HBJJ1234
8th February 2009, 17:16
Hi, My father tells a story of when he a two of his friends rowed across Sydney Harbour in Sept 1958 and painted ' For Sale ' on the side of the Port Hardy. They were caught and made to re-paint it and fined a days wages.

Neil Mant
8th February 2009, 18:12
way back in the 80s i was on one of cunards fruit boats in bluff i was on the servia and there was the samaria sister ship berthed across the way we were opposite each other, there was talk 1 of us was going to russia and the other was going to avonmouth anyway we got avonmouth and the samaria got russia. The samaria was leaving the next day when we got up in the morning some one had painted along the side of our ship FROM RUSSIA WITH LOVE, and someone from our ship had gone across to there wing of the bridge were the red Cunard sign is and wrote in red F*** CUNARD, They never found out who did the painting i suppose at the time it was funny.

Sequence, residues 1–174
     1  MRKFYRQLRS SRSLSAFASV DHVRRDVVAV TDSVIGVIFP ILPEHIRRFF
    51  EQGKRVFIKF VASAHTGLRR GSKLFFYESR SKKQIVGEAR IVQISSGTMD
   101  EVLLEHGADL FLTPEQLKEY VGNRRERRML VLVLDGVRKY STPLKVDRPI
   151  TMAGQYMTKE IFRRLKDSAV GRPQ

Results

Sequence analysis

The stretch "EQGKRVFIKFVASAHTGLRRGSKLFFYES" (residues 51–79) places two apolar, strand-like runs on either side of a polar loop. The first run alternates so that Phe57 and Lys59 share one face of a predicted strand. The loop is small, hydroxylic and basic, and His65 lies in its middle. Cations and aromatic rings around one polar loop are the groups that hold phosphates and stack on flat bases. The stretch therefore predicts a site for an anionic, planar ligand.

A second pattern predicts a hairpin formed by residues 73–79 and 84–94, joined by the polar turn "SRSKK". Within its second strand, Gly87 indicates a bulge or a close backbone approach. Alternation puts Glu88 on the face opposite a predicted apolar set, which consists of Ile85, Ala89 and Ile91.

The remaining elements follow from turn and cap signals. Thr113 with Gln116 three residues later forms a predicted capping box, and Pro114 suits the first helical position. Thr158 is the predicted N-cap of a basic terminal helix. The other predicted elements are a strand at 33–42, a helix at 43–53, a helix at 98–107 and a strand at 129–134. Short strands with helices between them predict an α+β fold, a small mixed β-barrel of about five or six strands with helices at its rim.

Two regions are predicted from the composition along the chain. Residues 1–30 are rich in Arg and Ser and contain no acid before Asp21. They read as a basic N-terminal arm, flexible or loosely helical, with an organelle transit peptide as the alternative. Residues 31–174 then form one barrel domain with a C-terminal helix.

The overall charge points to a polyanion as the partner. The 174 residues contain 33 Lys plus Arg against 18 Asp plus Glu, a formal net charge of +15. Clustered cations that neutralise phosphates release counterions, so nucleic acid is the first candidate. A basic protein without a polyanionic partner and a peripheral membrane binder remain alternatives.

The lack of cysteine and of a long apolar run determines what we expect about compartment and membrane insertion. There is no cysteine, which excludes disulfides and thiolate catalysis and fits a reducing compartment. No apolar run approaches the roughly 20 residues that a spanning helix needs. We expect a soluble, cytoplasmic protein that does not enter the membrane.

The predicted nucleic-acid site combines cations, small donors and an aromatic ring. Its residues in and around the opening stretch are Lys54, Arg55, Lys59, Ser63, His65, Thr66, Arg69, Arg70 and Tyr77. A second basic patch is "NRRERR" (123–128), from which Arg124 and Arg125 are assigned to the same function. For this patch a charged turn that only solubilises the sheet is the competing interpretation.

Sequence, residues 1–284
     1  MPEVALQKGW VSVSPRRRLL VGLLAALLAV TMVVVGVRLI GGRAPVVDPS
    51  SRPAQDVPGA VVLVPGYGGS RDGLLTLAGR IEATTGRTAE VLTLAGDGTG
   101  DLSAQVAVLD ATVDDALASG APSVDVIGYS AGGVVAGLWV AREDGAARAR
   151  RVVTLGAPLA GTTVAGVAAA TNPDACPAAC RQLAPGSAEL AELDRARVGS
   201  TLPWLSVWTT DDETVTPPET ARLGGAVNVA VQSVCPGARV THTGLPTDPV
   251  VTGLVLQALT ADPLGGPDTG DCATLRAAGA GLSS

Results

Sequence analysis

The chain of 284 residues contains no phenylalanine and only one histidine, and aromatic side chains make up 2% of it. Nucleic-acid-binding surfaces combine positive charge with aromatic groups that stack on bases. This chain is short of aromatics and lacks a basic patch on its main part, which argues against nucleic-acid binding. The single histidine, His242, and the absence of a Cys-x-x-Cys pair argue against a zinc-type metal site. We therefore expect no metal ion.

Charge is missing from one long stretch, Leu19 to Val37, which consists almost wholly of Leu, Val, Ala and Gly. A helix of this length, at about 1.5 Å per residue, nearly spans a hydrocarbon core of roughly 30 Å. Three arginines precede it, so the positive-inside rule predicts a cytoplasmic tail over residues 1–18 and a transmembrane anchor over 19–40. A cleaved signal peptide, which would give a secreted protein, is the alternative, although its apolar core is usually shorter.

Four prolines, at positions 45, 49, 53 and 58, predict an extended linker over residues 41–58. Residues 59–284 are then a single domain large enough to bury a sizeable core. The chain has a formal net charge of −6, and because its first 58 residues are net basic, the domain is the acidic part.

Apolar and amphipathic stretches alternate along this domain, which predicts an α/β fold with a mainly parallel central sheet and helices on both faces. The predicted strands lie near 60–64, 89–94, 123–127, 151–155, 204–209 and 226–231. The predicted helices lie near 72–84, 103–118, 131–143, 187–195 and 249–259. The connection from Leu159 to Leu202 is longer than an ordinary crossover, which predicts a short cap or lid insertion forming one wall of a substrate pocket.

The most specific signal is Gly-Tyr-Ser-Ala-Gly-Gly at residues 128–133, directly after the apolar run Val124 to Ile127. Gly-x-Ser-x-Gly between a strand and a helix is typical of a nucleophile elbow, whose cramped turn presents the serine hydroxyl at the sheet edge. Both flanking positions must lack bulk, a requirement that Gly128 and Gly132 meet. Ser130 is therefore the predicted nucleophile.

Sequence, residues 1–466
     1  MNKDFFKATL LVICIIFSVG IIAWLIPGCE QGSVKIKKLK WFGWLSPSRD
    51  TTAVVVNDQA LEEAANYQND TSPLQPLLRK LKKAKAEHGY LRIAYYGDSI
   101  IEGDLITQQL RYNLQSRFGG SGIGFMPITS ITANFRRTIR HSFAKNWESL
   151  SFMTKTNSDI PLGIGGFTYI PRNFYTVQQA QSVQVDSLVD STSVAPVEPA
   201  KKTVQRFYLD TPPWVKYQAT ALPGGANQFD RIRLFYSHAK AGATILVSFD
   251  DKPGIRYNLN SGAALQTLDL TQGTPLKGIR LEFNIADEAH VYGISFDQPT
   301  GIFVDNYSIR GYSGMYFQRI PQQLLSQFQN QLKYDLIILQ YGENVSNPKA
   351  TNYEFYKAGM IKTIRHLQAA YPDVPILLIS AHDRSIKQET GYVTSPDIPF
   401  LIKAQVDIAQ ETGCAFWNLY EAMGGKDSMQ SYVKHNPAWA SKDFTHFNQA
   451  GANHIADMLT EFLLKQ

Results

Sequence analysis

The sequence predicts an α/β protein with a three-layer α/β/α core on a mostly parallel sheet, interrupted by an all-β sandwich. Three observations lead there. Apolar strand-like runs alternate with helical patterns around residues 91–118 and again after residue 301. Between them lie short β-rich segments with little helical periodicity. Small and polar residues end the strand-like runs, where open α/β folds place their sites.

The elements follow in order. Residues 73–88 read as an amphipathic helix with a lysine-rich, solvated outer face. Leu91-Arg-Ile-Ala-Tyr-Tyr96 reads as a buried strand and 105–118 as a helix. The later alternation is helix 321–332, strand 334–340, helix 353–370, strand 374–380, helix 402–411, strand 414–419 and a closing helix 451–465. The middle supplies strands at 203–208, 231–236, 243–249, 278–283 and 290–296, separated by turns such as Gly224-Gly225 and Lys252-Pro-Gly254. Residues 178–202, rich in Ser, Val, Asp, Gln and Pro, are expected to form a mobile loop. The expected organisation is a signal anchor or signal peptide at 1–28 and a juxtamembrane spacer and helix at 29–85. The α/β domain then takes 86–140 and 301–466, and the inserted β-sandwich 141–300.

Neil

John.H.Clark
8th February 2009, 18:51
In those days if there was two ships in Bluff it was busy. our SSA ship fielded 13 lads plus two from a Bank Line Libery ship and we took on a local schoolboy rugby team. We lost to them 36-3 . Never involved in paint jobs but was aware of various flag stunts, fellow cadet did Sydney harbour bridge one night in 1960

Nick Balls
8th February 2009, 19:08
I heard a nice "ship graffiti" story that goes like this...Please correct me for any mistakes.
On board Worcester it was alway the done thing to outdo any previous courses with some outrageous leaving "events"
The plan hatched up by cadets on this particular occasion , in the days of Pirate Radio, was to write in huge letters down the side "RADIO WORCESTER" .(it may have been CAROLINE, but not sure) This was done on the Starboard side . This was the side facing away from the Greenhithe Shore, thus not being visible to the college "authorities"
Ships coming up the Thames of course had a fabulous view and sounded there horns .much to the bemusement of the unsuspecting staff.